WASHINGTON -- Although the U.S. Senate banned speaking fees last August, Maryland Sen. Barbara A. Mikulski nearly equaled her previous year's income from honorariums, according to financial disclosure reports.
Ms. Mikulski, a Baltimore Democrat, collected $12,750 in 1991 speaking fees before the Aug. 14 cutoff date, according to the Senate reports filed late last week. In 1990, she picked up $13,200 in fees for appearing before a variety of businesses and associations.
In 1991, Ms. Mikulski kept $8,750 of her honorariums and donated $4,000 to charity. She also made another three speeches for which donations totaling $6,000 were made to charities in lieu of honorariums. In 1990, she kept $6,700 in honorariums and gave another $6,500 to unspecified charities.
Among her addresses last year was a $2,000 talk to the Amstar Sugar Corp. in New York and a speech to the American Academy of Family Physicians in Kansas City.
Meanwhile, her Maryland Democratic colleague, Paul S. Sarbanes, pulled in $8,700 in honorariums last year and kept the entire amount. In 1990, he collected $21,500 and gave $1,000 to an unspecified charity.
Eight of the speeches made by Mr. Sarbanes were at the Brookings Institution, a liberal think tank in Washington, where he received $400 per speech.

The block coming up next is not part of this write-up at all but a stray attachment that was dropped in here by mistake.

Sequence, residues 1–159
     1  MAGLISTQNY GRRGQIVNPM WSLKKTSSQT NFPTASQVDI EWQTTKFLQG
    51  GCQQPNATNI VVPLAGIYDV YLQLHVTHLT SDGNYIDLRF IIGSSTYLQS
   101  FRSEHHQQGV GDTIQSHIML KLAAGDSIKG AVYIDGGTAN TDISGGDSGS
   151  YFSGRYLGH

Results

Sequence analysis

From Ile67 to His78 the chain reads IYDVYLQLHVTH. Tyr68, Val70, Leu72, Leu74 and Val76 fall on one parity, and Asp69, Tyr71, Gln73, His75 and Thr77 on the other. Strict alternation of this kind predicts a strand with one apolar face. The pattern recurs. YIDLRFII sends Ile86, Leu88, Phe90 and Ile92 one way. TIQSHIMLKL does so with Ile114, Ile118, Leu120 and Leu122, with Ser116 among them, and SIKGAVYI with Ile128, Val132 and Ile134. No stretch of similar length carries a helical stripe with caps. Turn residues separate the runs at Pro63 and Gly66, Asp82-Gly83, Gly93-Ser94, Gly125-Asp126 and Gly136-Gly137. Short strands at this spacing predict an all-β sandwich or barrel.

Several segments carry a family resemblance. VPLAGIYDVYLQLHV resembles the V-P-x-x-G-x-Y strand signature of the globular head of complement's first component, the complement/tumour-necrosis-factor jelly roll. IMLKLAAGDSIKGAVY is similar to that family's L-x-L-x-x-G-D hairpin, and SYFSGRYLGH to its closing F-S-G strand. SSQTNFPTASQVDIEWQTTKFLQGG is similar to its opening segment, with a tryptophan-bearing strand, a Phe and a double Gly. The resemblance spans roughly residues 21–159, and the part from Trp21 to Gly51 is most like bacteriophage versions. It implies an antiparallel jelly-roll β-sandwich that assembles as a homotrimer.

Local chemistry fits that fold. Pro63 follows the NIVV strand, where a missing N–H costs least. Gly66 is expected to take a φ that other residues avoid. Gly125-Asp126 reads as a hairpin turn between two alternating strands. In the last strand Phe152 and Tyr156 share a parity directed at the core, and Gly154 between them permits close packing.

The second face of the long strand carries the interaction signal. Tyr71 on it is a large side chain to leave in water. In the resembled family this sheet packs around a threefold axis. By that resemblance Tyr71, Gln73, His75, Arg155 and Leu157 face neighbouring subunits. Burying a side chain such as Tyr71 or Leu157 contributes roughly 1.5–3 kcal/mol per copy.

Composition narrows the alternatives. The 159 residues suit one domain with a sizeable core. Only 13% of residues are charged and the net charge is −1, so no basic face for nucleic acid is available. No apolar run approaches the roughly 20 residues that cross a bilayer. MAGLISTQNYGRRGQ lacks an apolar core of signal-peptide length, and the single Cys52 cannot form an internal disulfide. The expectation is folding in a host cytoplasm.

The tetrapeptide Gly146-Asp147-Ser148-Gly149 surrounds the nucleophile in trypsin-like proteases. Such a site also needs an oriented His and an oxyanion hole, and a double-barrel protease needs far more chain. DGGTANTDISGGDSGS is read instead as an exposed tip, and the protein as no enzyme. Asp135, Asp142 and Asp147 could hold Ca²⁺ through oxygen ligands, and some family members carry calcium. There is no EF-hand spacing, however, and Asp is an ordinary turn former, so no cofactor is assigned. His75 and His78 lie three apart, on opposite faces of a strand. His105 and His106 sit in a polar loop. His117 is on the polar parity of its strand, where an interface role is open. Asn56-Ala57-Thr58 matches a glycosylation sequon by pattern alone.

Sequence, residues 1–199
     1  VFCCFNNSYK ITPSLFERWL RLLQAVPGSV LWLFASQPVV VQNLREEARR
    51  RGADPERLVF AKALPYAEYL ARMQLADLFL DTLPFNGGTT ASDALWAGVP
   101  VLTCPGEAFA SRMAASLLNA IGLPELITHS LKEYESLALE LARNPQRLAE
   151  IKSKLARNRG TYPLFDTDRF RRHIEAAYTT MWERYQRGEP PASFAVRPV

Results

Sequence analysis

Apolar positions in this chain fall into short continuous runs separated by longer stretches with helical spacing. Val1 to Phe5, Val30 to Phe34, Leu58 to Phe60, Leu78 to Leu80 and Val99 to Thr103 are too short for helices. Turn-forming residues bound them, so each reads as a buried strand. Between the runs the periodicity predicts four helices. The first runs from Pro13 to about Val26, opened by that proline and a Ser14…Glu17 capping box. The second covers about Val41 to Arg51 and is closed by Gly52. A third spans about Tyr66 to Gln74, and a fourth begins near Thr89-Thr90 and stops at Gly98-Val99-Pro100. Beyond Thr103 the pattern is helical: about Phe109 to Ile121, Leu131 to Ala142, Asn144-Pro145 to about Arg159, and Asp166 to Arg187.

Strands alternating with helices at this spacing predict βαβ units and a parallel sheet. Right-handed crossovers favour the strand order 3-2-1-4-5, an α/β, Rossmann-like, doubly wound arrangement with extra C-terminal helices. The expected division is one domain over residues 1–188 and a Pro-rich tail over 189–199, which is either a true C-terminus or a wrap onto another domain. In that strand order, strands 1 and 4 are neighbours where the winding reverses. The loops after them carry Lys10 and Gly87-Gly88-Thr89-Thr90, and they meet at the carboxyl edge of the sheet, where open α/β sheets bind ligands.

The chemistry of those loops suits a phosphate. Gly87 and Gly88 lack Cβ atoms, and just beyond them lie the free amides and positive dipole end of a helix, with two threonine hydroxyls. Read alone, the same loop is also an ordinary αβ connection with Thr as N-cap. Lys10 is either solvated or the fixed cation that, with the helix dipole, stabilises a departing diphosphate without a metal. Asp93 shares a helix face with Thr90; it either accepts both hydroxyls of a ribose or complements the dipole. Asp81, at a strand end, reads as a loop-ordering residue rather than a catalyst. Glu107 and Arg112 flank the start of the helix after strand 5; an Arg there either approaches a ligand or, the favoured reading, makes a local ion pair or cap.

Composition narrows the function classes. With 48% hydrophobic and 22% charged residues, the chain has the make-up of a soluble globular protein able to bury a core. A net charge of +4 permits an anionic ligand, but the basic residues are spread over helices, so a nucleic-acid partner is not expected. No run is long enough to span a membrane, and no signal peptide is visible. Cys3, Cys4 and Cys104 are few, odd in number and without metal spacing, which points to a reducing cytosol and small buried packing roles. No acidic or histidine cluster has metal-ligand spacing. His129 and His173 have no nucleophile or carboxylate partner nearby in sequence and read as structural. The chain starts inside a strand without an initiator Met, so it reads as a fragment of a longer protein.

Senators were allowed to keep up to $23,068 in honorariums before the deadline. The Senate outlawed the collection of the speaking fees from special interest groups -- a practice long criticized by congressional reformers -- when it raised senatorial members' salaries from $101,900 to $125,100.
On her list of assets and income, Ms. Mikulski listed 13 stocks, bonds and bank accounts. Of those, 10 were valued between $1,000 and $15,000, two were valued between $15,000 and $50,000 and one Individual Retirement Account was valued at less than $1,000.
Among Mr. Sarbanes' assests are his personal residence in Baltimore, valued between $100,000 and $250,000, along with an account valued at $15,000 to $50,000 in the U.S. Senate Employees Credit Union.